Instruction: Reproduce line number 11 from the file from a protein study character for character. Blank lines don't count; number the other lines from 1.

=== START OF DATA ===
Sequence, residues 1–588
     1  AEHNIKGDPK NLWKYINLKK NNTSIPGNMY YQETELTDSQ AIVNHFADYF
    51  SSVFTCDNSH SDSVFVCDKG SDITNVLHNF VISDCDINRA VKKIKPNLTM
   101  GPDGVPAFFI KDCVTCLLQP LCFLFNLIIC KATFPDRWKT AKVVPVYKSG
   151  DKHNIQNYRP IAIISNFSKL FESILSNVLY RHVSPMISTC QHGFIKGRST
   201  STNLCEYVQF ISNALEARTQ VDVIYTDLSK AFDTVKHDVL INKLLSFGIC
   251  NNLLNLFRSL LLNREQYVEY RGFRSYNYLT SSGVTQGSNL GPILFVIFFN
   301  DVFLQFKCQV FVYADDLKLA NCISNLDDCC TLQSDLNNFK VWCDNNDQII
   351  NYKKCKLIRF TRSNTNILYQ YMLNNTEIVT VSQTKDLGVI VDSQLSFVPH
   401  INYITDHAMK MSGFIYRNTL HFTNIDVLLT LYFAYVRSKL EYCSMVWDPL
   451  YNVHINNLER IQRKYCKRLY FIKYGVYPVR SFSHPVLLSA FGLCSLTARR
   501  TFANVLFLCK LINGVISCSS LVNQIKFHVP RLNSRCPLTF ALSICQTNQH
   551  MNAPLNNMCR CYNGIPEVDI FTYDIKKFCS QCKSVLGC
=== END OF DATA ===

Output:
   451  YNVHINNLER IQRKYCKRLY FIKYGVYPVR SFSHPVLLSA FGLCSLTARR